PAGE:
Friday March 10, 2006 (0101 PST)
ISLAMABAD, March 10(Online): A new study by American Cancer Society (ACS) researchers finds that being overweight or obese raises a person’s risk of pancreatic cancer.
This is especially true for people who tend to gain weight in their mid-section, compared to those who gain it in their hips and thighs, or evenly all over their body.
The findings were published in Cancer Epidemiology, Biomarkers & Prevention (Vol. 14, No. 2: 459-466).
Pancreatic cancer is expected to strike more than 32,000 Americans in 2005. It is difficult to detect and treat, and most people who get it die within a year of their diagnosis. Because the outlook is so poor once a person develops pancreatic cancer, it’s important to find ways to prevent it.
Excess weight has been linked to many types of cancer, but scientists aren’t sure how big an influence weight has on pancreatic cancer. They suspect it is a factor because weight affects insulin production and the chance of developing diabetes, and diabetes is a risk factor for pancreatic cancer.
But previous studies have had mixed results, with some finding that excess weight does raise the risk of pancreatic cancer and others finding it doesn’t. The same is true of exercise: Some studies have found that it can protect against pancreatic cancer, but others showed no effect. The new ACS study looked at both these factors.
Link Found for Weight, but Not Exercise Researchers, led by Alpa Patel, studied 145,627 men and women who were taking part in the ACS’s Cancer Prevention Study II Nutrition Cohort, a large study of lifestyle, diet and cancer. Nearly all of the participants were between the ages of 50 and 74 when they enrolled in 1992.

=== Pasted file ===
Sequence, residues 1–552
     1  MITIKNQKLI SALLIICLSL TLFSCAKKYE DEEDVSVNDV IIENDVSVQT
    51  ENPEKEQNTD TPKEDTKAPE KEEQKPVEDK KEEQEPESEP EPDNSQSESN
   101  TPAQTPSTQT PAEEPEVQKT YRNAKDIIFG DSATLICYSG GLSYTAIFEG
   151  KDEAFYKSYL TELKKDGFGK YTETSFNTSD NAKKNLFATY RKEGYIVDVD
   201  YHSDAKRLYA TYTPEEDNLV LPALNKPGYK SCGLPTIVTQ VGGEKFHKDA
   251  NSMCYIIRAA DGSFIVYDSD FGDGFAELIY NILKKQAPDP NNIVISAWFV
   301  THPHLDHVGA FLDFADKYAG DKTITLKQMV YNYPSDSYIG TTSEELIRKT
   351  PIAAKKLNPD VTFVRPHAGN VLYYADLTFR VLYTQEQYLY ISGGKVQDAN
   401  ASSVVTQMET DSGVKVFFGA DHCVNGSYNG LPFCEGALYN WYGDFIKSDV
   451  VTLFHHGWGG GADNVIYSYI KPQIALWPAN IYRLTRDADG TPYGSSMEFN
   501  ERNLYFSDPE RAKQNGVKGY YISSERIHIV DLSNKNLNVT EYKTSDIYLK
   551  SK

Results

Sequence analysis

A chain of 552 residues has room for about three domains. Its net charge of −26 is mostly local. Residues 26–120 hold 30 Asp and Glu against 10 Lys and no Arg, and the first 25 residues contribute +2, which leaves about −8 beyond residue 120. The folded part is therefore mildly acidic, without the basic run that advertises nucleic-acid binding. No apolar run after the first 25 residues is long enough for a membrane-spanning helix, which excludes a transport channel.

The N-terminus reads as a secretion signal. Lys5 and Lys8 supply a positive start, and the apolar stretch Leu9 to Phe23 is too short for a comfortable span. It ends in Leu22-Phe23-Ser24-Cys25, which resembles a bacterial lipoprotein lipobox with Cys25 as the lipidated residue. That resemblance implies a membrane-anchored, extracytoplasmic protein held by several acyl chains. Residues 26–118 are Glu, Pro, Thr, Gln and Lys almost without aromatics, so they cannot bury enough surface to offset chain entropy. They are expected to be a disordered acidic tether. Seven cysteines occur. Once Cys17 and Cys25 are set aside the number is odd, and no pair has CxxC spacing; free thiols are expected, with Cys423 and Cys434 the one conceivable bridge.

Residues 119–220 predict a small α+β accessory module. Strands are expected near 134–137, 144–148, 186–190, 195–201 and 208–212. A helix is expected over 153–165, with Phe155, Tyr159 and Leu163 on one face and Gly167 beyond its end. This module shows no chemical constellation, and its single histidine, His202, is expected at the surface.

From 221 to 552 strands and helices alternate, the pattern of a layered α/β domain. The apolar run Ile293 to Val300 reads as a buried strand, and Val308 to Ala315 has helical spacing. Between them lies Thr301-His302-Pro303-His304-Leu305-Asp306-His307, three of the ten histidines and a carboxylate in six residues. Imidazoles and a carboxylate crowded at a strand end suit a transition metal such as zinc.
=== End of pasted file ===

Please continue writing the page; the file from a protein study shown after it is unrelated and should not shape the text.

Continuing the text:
They answered a detailed questionnaire about their lifestyle habits, including weight, diet, and exercise. They also described whether they tended to gain weight in their waist, hips and thighs, chest and shoulders, other parts of the body, or equally all over.
Using this information, the researchers calculated each person’s body mass index (BMI) and physical activity level and compared it to their risk of developing pancreatic cancer.
Overall, 242 people in the study developed pancreatic cancer. People who were obese had twice the risk of developing pancreatic cancer as people who were normal weight. People who gained their weight mainly in the waist or chest/shoulders had a 33% greater risk of developing pancreatic cancer than people who said they gained most of their weight in their hips and thighs or equally all over. Both these relationships were stronger in men than in women.
Exercise did not seem to lower the risk of pancreatic cancer, but the researchers think that’s because most people in the study didn’t do very much. It may take more vigorous exercise to influence pancreatic cancer, they wrote.
The study supports the idea that obesity is linked to pancreatic cancer, Patel and colleagues said. But more studies are needed to determine what effect exercise has on pancreatic cancer, they added.
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